China's Shenzhou 14 astronauts have opened up and entered the Tianzhou 5 cargo spacecraft after its docking at the country's newly completed space station.
Tianzhou 5 launched on Saturday (Nov. 12) atop a Long March 7 rocket and arrived at the Tiangong space station just over two hours later, setting a new record for shortest rendezvous and docking time. Previous Tianzhou freighters took about 6.5 hours from launch until docking.
Shenzhou 14 commander Chen Dong, Liu Yang and Cai Xuzhe opened the hatch door of Tianzhou 5 on Sunday (Nov. 13) at 0618 GMT (2:18 p.m. Beijing time), according to Chinese officials, and began taking stock of the new deliveries.
The cargo craft hauled around 11,000 pounds (5,000 kilograms) of goods and materials for the three crew members of the upcoming, six-month-long Shenzhou 15 mission, and 3,080 pounds (1,400 kg) of propellant to help the space station maintain its orbit.
"Tianzhou 5 is equipped with eight storage tanks, while the Tianzhou 3 and 4 only have four each. This time, it carries five sets of payload equipment for three space experiments. Two cell experiment units are brand-new," Zhang Zhenhua, deputy chief designer of the cargo spacecraft system at the China Academy of Space Technology, told CCTV+.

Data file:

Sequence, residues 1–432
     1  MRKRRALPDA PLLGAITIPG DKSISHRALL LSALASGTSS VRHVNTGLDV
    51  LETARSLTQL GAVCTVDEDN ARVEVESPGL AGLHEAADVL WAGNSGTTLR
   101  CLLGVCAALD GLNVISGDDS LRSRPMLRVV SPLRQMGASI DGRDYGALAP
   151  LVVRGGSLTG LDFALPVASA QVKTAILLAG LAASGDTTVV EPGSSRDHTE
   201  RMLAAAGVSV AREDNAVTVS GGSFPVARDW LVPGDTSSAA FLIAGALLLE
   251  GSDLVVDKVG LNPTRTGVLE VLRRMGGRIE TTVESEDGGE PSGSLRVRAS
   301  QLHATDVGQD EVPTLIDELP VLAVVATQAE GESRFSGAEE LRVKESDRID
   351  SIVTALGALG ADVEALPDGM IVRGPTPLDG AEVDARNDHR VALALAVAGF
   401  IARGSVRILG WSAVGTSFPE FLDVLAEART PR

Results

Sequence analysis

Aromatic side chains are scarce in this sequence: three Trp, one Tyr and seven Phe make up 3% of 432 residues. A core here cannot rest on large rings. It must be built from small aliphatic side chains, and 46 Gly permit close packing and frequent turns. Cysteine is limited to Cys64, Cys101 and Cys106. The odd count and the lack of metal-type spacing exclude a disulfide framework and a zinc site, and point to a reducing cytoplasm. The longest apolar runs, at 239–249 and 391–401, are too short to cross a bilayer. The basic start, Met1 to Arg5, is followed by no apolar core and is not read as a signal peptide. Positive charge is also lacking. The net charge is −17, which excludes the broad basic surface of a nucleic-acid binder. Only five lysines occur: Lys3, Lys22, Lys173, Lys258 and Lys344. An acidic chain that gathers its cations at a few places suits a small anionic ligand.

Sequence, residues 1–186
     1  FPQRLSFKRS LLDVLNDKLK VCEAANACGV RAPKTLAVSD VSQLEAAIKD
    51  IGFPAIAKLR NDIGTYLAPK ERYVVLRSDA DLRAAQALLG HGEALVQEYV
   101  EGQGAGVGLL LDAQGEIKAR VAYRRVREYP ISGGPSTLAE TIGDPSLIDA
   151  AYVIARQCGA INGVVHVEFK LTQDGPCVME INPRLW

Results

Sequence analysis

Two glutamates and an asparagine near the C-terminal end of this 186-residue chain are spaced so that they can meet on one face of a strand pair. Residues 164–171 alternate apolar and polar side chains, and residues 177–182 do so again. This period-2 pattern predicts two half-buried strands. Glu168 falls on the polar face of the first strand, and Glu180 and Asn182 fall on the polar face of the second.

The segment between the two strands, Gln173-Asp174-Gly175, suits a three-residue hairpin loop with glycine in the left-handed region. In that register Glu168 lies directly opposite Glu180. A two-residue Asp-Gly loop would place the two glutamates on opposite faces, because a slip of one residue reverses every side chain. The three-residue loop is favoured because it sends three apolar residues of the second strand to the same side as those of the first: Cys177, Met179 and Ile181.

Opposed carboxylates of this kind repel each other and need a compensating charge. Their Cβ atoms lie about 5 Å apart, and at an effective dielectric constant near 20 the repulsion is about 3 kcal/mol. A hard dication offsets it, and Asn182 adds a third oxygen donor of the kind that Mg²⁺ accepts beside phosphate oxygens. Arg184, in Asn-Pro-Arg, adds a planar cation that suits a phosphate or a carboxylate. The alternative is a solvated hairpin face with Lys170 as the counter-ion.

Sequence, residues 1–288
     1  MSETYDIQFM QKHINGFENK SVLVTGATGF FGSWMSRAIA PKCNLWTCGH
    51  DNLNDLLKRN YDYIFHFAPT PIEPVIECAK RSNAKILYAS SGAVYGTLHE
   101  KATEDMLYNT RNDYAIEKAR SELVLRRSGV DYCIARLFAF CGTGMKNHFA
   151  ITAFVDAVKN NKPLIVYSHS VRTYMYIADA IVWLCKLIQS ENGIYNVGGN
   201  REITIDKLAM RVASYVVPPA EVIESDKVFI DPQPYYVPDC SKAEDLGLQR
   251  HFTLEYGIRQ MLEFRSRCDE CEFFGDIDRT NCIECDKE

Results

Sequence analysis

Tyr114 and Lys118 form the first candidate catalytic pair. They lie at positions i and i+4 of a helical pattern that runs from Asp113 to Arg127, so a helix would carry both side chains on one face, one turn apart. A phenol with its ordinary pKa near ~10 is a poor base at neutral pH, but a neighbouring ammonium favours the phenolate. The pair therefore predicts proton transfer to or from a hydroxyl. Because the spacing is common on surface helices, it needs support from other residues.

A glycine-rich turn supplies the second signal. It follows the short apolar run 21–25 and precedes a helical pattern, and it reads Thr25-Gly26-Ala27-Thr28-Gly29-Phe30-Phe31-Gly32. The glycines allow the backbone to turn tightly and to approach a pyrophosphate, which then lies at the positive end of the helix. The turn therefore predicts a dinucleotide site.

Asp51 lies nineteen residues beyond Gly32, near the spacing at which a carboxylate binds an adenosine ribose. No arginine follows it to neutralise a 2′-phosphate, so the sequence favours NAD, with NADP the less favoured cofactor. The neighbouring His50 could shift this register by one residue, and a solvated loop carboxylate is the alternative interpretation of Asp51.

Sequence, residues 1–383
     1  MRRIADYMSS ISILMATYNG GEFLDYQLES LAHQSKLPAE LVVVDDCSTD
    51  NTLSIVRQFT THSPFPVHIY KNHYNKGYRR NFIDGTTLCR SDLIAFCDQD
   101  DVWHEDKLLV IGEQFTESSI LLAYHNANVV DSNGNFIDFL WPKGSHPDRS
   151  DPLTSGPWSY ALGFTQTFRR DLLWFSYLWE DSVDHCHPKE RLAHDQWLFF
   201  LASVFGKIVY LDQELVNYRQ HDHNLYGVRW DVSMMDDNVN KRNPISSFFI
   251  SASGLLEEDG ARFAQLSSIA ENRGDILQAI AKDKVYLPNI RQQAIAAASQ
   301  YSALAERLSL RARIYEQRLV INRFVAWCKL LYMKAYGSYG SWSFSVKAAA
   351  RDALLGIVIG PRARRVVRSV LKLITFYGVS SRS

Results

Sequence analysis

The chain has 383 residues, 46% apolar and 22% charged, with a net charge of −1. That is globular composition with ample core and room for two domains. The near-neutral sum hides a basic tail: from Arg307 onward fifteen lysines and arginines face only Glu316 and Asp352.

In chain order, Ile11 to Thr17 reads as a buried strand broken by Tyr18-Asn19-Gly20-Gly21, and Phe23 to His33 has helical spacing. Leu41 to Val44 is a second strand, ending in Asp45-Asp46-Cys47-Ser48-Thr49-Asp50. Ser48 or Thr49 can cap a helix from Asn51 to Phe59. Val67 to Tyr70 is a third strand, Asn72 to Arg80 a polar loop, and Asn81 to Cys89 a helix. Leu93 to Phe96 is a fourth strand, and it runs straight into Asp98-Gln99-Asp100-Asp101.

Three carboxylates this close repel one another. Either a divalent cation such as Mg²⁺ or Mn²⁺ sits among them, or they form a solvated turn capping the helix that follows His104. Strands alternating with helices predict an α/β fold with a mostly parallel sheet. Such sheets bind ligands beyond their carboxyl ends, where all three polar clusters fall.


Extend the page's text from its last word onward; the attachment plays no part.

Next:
The 35-foot-long (10.6 meters) freighter also carried five cubesats that could be released later by using a payload airlock and release mechanism on Mengtian, the third and final space station module, which launched and joined Tiangong at the end of October.
The T-shaped Tiangong currently consists of the Tianhe core module and the Wentian and Mengtian experiment modules. Tianzhou 5 and the Shenzhou 14 crew spacecraft are also docked with Tiangong. Shenzhou 15 could launch for the space station as soon as the end of November.
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Andrew is a freelance space journalist with a focus on reporting on China's rapidly growing space sector. He began writing for Space.com in 2019 and writes for SpaceNews, IEEE Spectrum, National Geographic, Sky & Telescope, New Scientist and others. Andrew first caught the space bug when, as a youngster, he saw Voyager images of other worlds in our solar system for the first time. Away from space, Andrew enjoys trail running in the forests of Finland. You can follow him on Twitter @AJ_FI.